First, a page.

ANN ARBOR, Mich. (AP)Aidan Joseph Bernardi Hutchinson is an impressive reflection of his parents and his middle names honor a great-grandfather who was part of the World War II jungle fighting unit known as ” Merrill’s Marauders.”
Jacksonville is expected to select Hutchinson, who appears to be the total package as a player and person, with the No. 1 pick in the NFL draft next Thursday.
It’s easy to see why the Jaguars would want him after watching what Hutchinson did last year at Michigan, where he set a single-season school record with 14 sacks.
Scouts who searched for more about his background found out Chris and Melissa raised a well-rounded son, uniquely shaped by a close-knit family that includes two older sisters, Mia and Aria.
Few, though, seem to know Hutchinson can trace his lineage to the late Joseph Bernardi, an Army Ranger who was part of a secret mission in 1944 that began with 2,000 U.S. soldiers behind enemy lines in Japanese-occupied Burma and ended with approximately 200 Americans surviving.
Bernardi battled hunger, disease and enemy troops while trekking roughly 1,000 miles to capture a Japanese-held airfield and was posthumously awarded the Congressional Gold Medal.
”He was one of the very few that made it out alive,” Hutchison said in an interview with The Associated Press. ”And, that is just an insane story.”
Hutchinson wore his great-grandfather’s dog tag against Ohio State during his freshman year, but was afraid of losing it and didn’t wear them in a game again. His mother, meanwhile, had her grandfather’s dog tag with her at every Michigan game the past three seasons.
Bernardi, who was born in Medeglia, Switzerland, died 15 years agoat the age of 84.
Back then, Hutchinson dreamed of playing at Michigan as his father did as a captain and Big Ten defensive lineman of the year in 1992 after matching a then-school record with 11 sacks.
Hutchinson’s mother, Melissa, an artistic photographer and former model, treasures images she made of her young son wearing Chris’ battered maize winged helmet and a kid-sized jersey with No. 97, his father’s and his future number with the Wolverines.
Aidan Hutchinson, though, was not allowed to play football until he was in seventh grade.
Like a lot of kids, he played soccer and flag football. Unlike many future NFL players, he taught himself how to play the ukulele and spent two years as a competitive dancer.
In the fifth and sixth grades, he joined his sisters to train at a studio about six days a week and entered competitions in contemporary dance.
”It was normal to us because the three of us would make up dances and musicals and perform them for our parents at home,” said Mia Hutchinson, a photographer, who manages her brother’s social media accounts and creates content for him.
”When Aidan started playing football in the seventh grade, he was locked in on his dreams in football. To see him on the precipice of fulfilling his dream is the most beautiful thing.”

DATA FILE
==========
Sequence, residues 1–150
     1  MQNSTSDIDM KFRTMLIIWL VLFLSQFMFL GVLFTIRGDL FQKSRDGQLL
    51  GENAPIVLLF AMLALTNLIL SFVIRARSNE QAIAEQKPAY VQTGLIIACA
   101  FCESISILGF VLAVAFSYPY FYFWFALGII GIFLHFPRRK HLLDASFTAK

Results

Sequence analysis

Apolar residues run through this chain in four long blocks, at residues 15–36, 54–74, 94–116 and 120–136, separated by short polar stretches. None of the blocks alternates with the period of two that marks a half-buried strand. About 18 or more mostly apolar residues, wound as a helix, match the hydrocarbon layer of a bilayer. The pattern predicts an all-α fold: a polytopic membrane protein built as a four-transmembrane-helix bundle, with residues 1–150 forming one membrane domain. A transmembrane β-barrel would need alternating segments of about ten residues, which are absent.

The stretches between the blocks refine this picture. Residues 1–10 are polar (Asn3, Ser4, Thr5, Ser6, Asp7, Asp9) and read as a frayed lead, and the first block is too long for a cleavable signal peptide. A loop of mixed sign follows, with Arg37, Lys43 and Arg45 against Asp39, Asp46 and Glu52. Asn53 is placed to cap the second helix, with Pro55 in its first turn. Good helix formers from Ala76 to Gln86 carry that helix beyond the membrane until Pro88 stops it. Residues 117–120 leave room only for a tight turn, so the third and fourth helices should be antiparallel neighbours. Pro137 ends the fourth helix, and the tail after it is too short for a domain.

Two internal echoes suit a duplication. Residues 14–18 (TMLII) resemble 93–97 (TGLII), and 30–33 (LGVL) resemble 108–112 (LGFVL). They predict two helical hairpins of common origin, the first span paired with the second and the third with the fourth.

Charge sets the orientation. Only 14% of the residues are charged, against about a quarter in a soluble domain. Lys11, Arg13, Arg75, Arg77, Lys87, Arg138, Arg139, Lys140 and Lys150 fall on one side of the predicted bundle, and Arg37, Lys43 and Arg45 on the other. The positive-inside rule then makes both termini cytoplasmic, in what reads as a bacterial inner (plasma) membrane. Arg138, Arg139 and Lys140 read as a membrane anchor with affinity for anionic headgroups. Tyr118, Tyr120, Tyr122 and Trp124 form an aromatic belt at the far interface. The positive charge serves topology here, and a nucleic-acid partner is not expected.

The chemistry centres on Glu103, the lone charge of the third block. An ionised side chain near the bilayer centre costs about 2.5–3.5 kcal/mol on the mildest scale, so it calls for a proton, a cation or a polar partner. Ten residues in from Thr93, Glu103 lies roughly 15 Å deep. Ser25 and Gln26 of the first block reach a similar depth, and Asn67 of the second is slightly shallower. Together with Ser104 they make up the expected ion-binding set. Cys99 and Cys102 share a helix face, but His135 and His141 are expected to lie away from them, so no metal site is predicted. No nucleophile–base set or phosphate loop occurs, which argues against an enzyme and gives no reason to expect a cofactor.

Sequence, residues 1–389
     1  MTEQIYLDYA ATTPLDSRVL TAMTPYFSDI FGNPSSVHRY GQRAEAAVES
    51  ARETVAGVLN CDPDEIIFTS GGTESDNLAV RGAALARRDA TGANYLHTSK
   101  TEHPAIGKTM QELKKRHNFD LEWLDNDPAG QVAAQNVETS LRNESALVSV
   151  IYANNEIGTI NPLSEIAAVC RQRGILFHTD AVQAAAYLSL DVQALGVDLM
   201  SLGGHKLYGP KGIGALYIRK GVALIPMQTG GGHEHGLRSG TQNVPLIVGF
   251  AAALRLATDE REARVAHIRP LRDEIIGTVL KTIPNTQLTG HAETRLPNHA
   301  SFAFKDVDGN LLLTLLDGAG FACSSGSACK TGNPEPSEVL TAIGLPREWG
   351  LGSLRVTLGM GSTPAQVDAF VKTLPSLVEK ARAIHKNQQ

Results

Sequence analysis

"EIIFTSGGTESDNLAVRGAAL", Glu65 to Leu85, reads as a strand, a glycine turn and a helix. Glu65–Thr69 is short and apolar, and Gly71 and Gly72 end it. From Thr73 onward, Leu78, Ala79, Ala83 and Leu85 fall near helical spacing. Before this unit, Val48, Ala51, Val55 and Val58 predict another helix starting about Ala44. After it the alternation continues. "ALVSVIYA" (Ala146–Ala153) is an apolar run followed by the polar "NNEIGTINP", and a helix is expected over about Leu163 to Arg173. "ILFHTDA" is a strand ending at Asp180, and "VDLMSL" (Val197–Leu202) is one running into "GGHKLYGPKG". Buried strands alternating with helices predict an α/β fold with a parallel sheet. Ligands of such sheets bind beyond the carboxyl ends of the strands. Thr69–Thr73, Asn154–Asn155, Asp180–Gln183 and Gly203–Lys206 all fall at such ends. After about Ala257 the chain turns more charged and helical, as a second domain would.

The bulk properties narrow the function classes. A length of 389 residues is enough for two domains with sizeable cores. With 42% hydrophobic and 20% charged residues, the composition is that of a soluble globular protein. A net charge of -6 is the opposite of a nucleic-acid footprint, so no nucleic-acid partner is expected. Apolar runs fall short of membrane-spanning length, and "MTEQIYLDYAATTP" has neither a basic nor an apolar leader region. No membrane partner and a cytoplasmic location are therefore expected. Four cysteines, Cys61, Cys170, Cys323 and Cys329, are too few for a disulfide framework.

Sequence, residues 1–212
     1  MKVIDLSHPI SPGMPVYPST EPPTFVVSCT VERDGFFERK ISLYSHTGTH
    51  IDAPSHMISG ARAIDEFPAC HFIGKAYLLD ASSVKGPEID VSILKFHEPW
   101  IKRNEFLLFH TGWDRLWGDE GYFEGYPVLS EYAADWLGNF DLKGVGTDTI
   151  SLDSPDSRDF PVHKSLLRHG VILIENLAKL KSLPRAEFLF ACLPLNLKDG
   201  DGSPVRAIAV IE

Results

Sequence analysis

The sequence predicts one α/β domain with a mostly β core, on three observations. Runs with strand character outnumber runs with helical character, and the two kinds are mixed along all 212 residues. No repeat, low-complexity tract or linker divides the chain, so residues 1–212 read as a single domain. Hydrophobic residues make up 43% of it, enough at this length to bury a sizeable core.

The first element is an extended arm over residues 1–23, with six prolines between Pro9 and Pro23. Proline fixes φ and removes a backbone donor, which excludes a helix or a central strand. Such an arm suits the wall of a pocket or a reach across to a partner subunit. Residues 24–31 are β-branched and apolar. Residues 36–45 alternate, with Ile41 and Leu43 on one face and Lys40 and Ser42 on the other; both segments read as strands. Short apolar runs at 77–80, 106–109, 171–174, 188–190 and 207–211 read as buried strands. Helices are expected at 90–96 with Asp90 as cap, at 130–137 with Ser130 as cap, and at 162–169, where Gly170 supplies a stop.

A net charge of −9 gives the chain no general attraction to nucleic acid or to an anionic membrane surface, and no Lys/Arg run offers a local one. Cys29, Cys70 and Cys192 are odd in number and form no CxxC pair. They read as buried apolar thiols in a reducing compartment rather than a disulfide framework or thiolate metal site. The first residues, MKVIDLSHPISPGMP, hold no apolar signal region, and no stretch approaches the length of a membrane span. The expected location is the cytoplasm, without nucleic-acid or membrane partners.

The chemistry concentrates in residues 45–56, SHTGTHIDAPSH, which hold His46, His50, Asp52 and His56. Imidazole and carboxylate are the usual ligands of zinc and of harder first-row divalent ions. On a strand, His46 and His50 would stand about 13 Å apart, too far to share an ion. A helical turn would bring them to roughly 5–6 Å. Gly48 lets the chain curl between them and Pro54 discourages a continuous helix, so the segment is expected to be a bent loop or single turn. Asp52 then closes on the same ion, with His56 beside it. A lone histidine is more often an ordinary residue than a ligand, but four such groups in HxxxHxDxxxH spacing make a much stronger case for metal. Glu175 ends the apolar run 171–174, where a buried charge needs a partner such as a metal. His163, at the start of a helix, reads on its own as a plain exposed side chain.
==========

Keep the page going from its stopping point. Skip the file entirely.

Hutchinson’s dream hit a snag during the pandemic-shortened, two-win 2020 season, when his right ankle broke early in the third game against Indiana.
Melissa Hutchinson is convinced the injury was a blessing.
”Breaking his ankle brought him out of the negative experience that year and into a healing environment at home,” she said. ”He needed to train his mental with manifestation and positive energy, living as if he was pulling the future into the present. What he did with his mental was nuts by visualizing full mobility of his ankle, being in NFL games and much more.”
To bounce back from the injury and prepare for his senior seasons, a relentless strength and conditioning program whipped Hutchinson into the best shape of his life.
It paid off for him, and Michigan.
Hutchinson capped a productive season with a spectacular, three-sack performance against Ohio State to help bring an eight-game losing streak in the rivalry to an end. The Heisman Trophy runner-up led the Wolverines to their first Big Ten title since 2004 and into the College Football Playoff for the first time.
”Some of my former (teammates) would say, ‘He looks just like you only 4 inches taller,”’ Chris Hutchinson recalled. ”We started watching my old film and I could see what they’re talking about with how he walks, how he stands. All these little mannerisms, you don’t really appreciate that they’re you, but you have explicitly passed them on to your son.
”The way he mentally attacks things and gets himself mentally prepared, is totally my wife’s side. To his credit, he has absorbed those things.”
Hutchinson’s next step in life in the league will likely be his biggest, and yet he knows that counting on his family is a source of comfort in the chaos.
”With my parents, they’ve been my support system since Day 1 and having them at my back is so beneficial for me and my whole career,” Hutchinson told the AP. ”I know this transition is going to be difficult for the NFL. But having them, my sisters and my parents, I know they have all my best interest at heart.”
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